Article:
November Newsletter: 5 signs that could be caused by diabetic retinopathy
- Created in Newsletters
5 Ways Diabetic Retinopathy Could Affect Your Vision
Changes in your vision could mean you have diabetic retinopathy, an eye disease that can cause vision loss or blindness. Anyone who has type 1 or type 2 diabetes can develop diabetic retinopathy. The eye disease affects about 1/3 of American adults who have diabetes, according to the Centers for Disease Control and Prevention, and is more likely to be a problem for Mexican Americans and African Americans. If you notice any of these signs, it's time to schedule an appointment with the optometrist.
Blurry vision can be a sign of diabetic retinopathy and should never be ignored. Your vision blurs when high blood sugar damages the blood vessels in the retina, the tissue at the back of the eye that transforms light rays into electrical impulses. The retina sends the impulses it produces to the brain for processing. If the retina can't do its job properly, the brain won't receive the information it needs to produce clear, sharp images.
Blood vessels in the retina weaken and leak blood or fluid if you have diabetic retinopathy. The blood or fluid pools in the retina, affecting the sharpness of your vision. In some cases, the fluid build-up causes swelling in the macula, the middle part of the retina that controls central and color vision. This condition, called macular edema, makes things look blurry or wavy and could be the reason that colors look faded.
Sometimes blood vessels in the retina close off and are replaced by abnormal vessels. These blood vessels leak fluid that can cloud your vision and may cause scars that result in permanent vision loss.
Have you noticed that your vision only seems to be blurry sometimes? Blurriness can happen if the clear lens inside your eye swells when your blood sugar is too high. Although your vision returns to normal when your blood sugar level declines, blurry vision is always a cause for concern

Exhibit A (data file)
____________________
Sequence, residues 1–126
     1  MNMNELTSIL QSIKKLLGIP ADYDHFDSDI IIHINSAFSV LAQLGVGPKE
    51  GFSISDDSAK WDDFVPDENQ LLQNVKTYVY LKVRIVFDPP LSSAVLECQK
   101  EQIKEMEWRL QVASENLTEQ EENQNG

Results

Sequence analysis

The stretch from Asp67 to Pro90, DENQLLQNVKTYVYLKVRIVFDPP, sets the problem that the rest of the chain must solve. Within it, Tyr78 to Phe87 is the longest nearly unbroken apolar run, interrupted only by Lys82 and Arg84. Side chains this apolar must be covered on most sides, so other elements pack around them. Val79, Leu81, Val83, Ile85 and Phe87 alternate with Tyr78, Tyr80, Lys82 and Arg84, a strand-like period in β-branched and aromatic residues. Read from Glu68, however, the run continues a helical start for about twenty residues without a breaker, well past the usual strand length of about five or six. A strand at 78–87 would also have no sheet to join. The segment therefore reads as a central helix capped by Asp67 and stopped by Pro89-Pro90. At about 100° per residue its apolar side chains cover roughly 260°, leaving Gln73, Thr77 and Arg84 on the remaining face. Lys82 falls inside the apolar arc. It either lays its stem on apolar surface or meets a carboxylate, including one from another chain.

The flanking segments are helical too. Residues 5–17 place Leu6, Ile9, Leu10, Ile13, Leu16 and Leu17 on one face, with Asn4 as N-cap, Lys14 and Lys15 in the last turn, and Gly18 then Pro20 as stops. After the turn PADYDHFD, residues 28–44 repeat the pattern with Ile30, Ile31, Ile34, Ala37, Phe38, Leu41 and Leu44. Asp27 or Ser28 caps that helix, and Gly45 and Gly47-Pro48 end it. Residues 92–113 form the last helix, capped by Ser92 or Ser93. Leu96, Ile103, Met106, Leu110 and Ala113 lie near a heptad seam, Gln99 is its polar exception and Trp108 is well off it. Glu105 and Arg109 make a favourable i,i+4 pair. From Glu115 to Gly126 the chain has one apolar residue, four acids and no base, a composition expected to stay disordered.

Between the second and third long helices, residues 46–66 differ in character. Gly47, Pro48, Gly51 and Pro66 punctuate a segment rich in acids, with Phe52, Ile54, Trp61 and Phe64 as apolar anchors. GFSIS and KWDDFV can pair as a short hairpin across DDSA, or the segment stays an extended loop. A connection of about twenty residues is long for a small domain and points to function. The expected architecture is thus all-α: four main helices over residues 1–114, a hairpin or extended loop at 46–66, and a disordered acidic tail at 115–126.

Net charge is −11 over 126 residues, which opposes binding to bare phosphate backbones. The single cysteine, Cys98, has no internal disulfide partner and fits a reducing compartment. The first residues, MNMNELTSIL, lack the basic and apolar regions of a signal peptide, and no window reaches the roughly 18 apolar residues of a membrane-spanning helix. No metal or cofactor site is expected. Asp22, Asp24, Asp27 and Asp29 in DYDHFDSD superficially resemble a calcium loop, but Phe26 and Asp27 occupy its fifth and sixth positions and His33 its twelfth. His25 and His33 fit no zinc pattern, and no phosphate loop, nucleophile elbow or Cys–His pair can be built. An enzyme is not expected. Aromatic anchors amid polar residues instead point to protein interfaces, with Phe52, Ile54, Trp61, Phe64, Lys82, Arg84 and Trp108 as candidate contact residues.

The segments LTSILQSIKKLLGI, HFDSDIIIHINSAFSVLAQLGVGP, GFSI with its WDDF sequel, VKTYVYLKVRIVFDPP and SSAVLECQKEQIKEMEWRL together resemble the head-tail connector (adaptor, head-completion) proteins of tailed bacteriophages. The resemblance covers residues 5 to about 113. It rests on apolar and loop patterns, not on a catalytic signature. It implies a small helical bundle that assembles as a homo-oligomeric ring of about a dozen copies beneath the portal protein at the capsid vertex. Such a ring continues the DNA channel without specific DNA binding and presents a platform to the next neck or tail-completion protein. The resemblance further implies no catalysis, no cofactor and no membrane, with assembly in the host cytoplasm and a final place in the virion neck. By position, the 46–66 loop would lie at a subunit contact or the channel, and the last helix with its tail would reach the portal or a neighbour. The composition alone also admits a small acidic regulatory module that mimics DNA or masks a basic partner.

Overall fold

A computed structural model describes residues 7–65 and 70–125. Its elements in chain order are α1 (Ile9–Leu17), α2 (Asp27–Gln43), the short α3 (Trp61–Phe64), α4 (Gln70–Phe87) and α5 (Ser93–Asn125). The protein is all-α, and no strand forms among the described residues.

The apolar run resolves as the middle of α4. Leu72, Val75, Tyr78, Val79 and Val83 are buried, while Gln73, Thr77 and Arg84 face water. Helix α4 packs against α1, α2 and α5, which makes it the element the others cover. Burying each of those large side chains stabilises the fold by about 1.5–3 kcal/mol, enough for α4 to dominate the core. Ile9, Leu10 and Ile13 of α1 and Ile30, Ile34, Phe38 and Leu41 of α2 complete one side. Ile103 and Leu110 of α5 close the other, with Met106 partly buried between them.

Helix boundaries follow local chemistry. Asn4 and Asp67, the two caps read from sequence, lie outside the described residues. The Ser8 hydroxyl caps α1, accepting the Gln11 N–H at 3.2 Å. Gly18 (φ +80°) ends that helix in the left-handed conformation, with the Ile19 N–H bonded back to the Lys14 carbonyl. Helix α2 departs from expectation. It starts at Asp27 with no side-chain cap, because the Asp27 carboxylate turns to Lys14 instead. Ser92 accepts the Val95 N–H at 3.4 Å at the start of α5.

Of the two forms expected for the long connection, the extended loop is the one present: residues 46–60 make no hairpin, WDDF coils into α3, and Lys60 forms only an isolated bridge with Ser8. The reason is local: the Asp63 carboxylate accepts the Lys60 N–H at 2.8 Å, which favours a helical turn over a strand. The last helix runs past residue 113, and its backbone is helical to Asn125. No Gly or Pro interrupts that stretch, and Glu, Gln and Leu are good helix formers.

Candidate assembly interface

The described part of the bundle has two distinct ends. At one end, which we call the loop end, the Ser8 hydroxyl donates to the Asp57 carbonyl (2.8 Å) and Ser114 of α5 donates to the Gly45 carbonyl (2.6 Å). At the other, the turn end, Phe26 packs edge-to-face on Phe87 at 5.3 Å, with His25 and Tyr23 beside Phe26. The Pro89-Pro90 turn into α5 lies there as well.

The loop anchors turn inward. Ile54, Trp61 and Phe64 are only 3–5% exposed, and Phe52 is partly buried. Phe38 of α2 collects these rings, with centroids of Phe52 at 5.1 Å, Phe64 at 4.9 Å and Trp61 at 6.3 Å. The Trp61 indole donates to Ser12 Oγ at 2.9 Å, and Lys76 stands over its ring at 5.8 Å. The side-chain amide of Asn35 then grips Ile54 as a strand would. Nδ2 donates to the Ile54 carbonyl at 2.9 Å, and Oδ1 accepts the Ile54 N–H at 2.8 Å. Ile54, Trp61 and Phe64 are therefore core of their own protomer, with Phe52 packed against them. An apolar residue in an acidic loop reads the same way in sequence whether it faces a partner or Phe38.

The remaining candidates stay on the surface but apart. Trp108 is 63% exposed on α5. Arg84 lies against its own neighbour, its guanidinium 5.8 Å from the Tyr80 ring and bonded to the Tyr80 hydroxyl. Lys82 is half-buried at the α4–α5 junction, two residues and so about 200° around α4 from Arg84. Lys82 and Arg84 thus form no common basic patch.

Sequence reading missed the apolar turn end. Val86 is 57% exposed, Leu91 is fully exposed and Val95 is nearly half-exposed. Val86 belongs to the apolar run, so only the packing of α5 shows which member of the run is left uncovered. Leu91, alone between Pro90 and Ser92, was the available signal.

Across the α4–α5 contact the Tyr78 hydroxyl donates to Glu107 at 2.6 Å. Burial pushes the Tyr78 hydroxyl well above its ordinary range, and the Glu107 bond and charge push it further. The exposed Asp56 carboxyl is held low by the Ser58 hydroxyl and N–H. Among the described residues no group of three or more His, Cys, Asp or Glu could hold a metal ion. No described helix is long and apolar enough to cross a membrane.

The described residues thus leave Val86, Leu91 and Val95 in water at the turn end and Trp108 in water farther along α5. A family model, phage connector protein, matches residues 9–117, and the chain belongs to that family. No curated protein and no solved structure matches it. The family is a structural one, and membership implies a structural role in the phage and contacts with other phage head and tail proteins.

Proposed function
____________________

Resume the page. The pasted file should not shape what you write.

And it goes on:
Blurry vision, even if it only happens occasionally, may also be a sign of diabetic retinopathy. Unfortunately, it's impossible to tell exactly why your vision is blurry without a visit to the eye doctor.
Floaters create shadows on your retina that look like floating cobwebs or wispy strings. The floaters form in the vitreous, a gel-like substance that gives your eye its round shape. Floaters develop when the vitreous shrinks slightly, causing strands of the vitreous to clump together.
Although floaters are a normal part of aging, a sudden increase in floaters can be a sign that you have diabetic retinopathy. If you've already been diagnosed with diabetic retinopathy, seeing more floaters could mean that your condition is worsening. An increase in floaters accompanied by flashing lights or loss of vision are symptoms of retinal detachment. This condition requires emergency treatment to prevent permanent vision loss.
Blind or dark spots, even if they're small, can be signs of a vitreous hemorrhage. A hemorrhage happens when blood from the retinal blood vessels gets into the vitreous. Depending on the amount of blood, you may see floaters, dark or blank spots in your vision, or may be unable to see anything at all. It can take months for the vitreous to clear up. In some cases, surgery may be needed to replace the cloudy vitreous with a saline (salt) solution.
Blind spots can also be caused by angle-closure glaucoma. Abnormal blood vessels can block drainage channels in your iris, causing fluid to build up in your eye. The build-up increases pressure in the eye and can permanently damage the optic nerve without emergency treatment.
Poor Night Vision
Difficulty seeing well at night can also be a symptom of diabetic retinopathy. The growth of new blood vessels in the retina can affect rods, a type of photoreceptor cell in the retina. When they're functioning normally, rods make it easier to see in low light. In addition to problems with night vision, you may notice that it takes longer for your eyes to adjust when you move back and forth between dark and light areas.
Signs of diabetic retinopathy aren't always obvious at first. Fortunately, your optometrist can detect subtle changes in your eyes during regular exams and recommend treatments that will protect your vision. Get in touch with us if you've noticed any changes in your vision or it's time to schedule your eye exam.
American Diabetes Association: Vision Loss and Diabetes
Mayo Clinic: Diabetic Retinopathy, 6/24/2021
American Academy of Ophthalmology: Diabetic Retinopathy: Causes, Symptoms, Treatment, 9/14/2021
NCBI: Visual Neuroscience: Diabetic Photoreceptors: Mechanisms Underlying Changes in Structure and Function, 10/6/2020